Saturday January 19, 2008
Letters to the Editor
Saturday, January 19, 2008
Hodges' distortions are shameful
H.R. 3079, the federalization bill now pending in the U.S. Senate, does indeed deport every single foreign worker from the Commonwealth. That bill is awaiting action by a Senate that doesn't know much about the Commonwealth and, for that reason, may pass the bill. Let's make this clear: EVERY FOREIGN WORKER IN THE COMMONWEALTH WILL BE DEPORTED WITHIN FIVE YEARS OF PASSAGE OF THE FEDERALIZATION BILL. There are no exceptions. It is possible, as Pete A. says, that there will be an extension of another five years. But the Marianas will have no say in that. It is the intent of the federalization bill, and those like Mr. Hodges who support it, to deport every single foreign worker, bar none, from the Marianas.
The new Commonwealth labor law, P.L. 15-108, welcomes foreign workers, as the Commonwealth always has, and improves their working conditions and protections to a standard virtually unmatched anywhere else in the world. Tell me, where in the world do foreign workers get guaranteed medical coverage? Nowhere. And where in the world do foreign workers get bonded protection that their wages will be paid? Nowhere. One could go on and on. Mr. Hodges’ comparison to Hitler is despicable!
And let's look at the treatment of minors. Mr. Hodges is once again not only wrong, but so terribly wrong that one has to conclude his efforts are deliberate propaganda to slander the U.S. citizens who are of Chamorro and Carolinian heritage. What do you suppose Mr. Hodges is doing in the classroom? Maybe we need parent monitors in his classroom to be sure nothing like this unfounded hateful propaganda is going on there.
Here's the deal. Under H.R. 3079, the federalization law, when all foreign workers are deported, all U.S. citizen children will likely go with them unless they have U.S. citizen or permanent relative residents in the U.S. somewhere. Under U.S. law, when a foreign worker is forced to leave, he or she may petition the U.S. immigration officials for what they call “cancellation of removal” but the foreign worker will have to show “exceptional and extremely unusual hardship” to their U.S. citizen son or daughter. It is very difficult to meet this standard. (See, for example, the decision in In re Ariadna Gonzalez Recinas, et al., Respondent, file A75 696 573 (Los Angeles), decided Sept. 19, 2002, by the Board of Immigration Appeals.) If the foreign worker has any relatives or any resources in their home country, or any capacity to earn a living there, however small, the U.S. will not allow them to stay, no matter what hardship may occur to their U.S. citizen children from the move to the home country.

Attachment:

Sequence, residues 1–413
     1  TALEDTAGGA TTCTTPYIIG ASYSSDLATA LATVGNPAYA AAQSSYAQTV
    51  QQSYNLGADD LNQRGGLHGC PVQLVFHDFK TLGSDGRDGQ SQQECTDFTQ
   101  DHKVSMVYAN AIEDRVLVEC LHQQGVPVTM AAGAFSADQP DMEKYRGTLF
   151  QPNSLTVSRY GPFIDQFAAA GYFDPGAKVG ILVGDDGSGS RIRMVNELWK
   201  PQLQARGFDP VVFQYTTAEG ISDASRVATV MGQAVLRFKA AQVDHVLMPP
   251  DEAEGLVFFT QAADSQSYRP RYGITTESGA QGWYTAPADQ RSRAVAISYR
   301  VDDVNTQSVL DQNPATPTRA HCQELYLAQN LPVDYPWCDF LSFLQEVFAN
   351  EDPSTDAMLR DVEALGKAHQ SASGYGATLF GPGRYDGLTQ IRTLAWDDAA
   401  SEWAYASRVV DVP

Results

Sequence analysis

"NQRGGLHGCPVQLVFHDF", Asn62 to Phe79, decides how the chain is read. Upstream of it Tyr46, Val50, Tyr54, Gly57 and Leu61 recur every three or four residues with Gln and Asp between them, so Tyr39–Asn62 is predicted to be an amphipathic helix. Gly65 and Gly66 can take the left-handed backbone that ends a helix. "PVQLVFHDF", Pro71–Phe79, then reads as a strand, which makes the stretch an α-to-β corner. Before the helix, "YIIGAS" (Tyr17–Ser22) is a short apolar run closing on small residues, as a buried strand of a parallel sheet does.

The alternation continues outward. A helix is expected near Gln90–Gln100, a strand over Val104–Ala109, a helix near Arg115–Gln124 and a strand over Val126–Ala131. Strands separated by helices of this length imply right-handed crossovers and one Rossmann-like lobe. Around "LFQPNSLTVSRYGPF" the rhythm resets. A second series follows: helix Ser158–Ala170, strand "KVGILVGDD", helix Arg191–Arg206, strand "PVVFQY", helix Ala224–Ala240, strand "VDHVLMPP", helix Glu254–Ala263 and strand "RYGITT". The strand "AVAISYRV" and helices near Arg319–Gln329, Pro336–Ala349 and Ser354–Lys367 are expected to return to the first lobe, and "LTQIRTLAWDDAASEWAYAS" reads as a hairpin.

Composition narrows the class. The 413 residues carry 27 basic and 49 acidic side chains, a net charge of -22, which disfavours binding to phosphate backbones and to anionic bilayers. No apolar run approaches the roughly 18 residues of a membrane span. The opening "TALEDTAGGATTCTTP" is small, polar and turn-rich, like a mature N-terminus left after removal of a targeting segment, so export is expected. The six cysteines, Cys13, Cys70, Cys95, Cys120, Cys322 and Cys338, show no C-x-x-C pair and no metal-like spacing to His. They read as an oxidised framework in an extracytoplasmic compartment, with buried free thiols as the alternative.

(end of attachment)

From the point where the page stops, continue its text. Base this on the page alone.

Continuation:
Under PL 15-108, the Commonwealth labor law, foreign workers will be required to leave the Commonwealth only for 60 days, once every three years, if the foreign worker is an employee of a qualifying employer and for six months, once every three years, if the foreign worker is an employee of a non-qualifying employer. If a foreign worker meets this periodic exit requirement (perhaps during the children's summer school vacation), the foreign worker can remain in the Commonwealth for as long as they are employed.
The new labor law is now in effect. I urge Mr. Hodges to take the time to read it, as he has obviously not done. The regulations under the new law will come into effect on Feb. 1, 2008. Similarly, I urge Mr. Hodges to read the regulations as they apply to the periodic exit. Anyone can see that the Commonwealth law is quite generous, especially compared to U.S. law. Nothing in PL 15-108 deprives any foreign worker of any aspect of belonging in the community. That is certainly more than one can say for “federalization” which has, from the beginning, divided the community, pitted foreign workers against U.S. citizens, and generally aroused negative feelings on both sides. Shame on Mr. Hodges and equal shame on federal officials who told foreign workers that “federalization” would benefit them.
Cinta M. Kaipat
Author of PL 15-108